As Donald Trump joins a hostile G7 meeting in Quebec City today, an old friendship is on the line.
Relations between the US and other G7 nations have waxed and waned, but since WWII, Americans and Canadians have slept soundly under the protection of a friendly US-Canadian bond that spans 5,500 miles of border, massive trade ties, and deeply intertwined militaries. When Trump insisted on taxing Canadian steel and aluminum last month, officials in Canada were taken aback. Even more astounding was Trump’s justification of the tariffs as a matter of national security, which Canada’s defense minister Harjit Sajjan described as “literally absurd.”
Canada stands between the US and any military threats approaching from the north—as in airborne attacks from Russia (during the Cold War), or North Korea. The US and Canada face risks together, intermingling military defenses, collaborating on intelligence, and even sharing a secret mountain lair in NORAD—the only major military operation in the world that reports to two countries.
“These tariffs are an affront to the long standing security partnership between Canada and the United States,” said Canadian prime minister Justin Trudeau. In particular, he said, the shift insulted thousands of Canadians who have “died alongside their American bothers-in-arms, comrades-in-arms.”
Can Canada and US make it through this? Some fear that the tariffs could affect this vital military allegiance. “If you feel that your closest ally is not your friend, and is taking punitive action against you, you’re going to rethink your security relationship as well,” said Kenneth Holland, the former president for the Association for Canadian Studies in the US.
To understand the dangers to the security relationship between the two countries, it is important to understand their economic relationship. Overall, Canada is the US’s second-largest trading partner after China, and the largest market for US agriculture. While US trade with China dominates headlines, Canada is a more important partner for most US states:
Major industries in both countries, and particularly the auto industry, are so integrated that executives are now scrambling to reexamine their supply chains to suss out how tariffs on products crossing the US-Canada border might impact them. US auto companies have “built seamless supply chains across Canada and the US,” said Nick Anstett, a director at Albright Stonebridge Group, a DC consultancy. From Windsor, Ontario to Detroit, Michigan is “really, for the industry, one common belt of development,” he said.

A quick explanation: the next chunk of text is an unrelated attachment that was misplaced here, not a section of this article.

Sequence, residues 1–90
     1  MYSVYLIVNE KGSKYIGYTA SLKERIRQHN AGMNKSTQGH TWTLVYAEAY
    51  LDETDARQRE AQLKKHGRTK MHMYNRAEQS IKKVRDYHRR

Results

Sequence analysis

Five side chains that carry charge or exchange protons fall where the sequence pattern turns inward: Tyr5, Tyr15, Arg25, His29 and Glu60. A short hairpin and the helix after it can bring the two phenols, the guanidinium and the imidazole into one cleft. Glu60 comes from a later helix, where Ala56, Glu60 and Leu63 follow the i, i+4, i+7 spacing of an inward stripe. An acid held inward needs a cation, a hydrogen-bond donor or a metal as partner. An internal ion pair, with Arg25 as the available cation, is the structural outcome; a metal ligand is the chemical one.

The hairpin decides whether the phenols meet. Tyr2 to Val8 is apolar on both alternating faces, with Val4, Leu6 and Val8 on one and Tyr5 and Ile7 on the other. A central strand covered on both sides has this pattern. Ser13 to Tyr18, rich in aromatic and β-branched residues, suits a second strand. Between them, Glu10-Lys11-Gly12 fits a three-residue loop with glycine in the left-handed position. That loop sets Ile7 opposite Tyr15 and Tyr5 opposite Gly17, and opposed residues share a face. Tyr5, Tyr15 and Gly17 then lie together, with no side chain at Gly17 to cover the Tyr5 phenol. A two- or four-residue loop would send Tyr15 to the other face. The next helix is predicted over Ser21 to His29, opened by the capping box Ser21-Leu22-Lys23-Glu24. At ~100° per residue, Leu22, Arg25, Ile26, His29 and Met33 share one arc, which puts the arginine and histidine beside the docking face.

The Trump steel tariffs are seen by many trade experts as an attempt to get leverage in NAFTA talks. Canada, Mexico, and the US are in the midst of protracted renegotiation of the long-standing trade pact, with Canada balking at the US’s insistence on a “sunset clause” that dissolves the agreement after five years, and at an opening up of Canada’s protected dairy industry.
This may not be the right tactic. “Negotiating with a gun to someone’s head doesn’t usually work, especially when it is in public,” says Carlos Gutierrez, former secretary of commerce under George W. Bush.
The threat of nuclear annihilation from Communist Russia helped forge the US-Canada military relationship.
Since the WWII ended, the US and Canada have melded troops, equipment, and military strategies, creating a mammoth invisible shield to protect both countries against the threat of nuclear destruction. During the Cold War, the two countries created a string of radar outposts along Canada’s frozen northern border. They also built the unprecedented North American Aerospace Defense Command, or NORAD, which celebrated its 60th anniversary weeks before Trump’s tariffs.
NORAD is the only major military operation in the world that reports to two countries, with a chain of command that alternates between US and Canadian officials. Since the 1960s, NORAD has been headquartered inside a mountain in Colorado, where 15 buildings full of monitoring and command equipment sit on springs, designed to help withstand a nuclear attack.
Just a week before the trade tariffs were announced, Canada’s military said it had beefed up its northern radar capabilities, a response to Russia’s increased patrols of the North American arctic.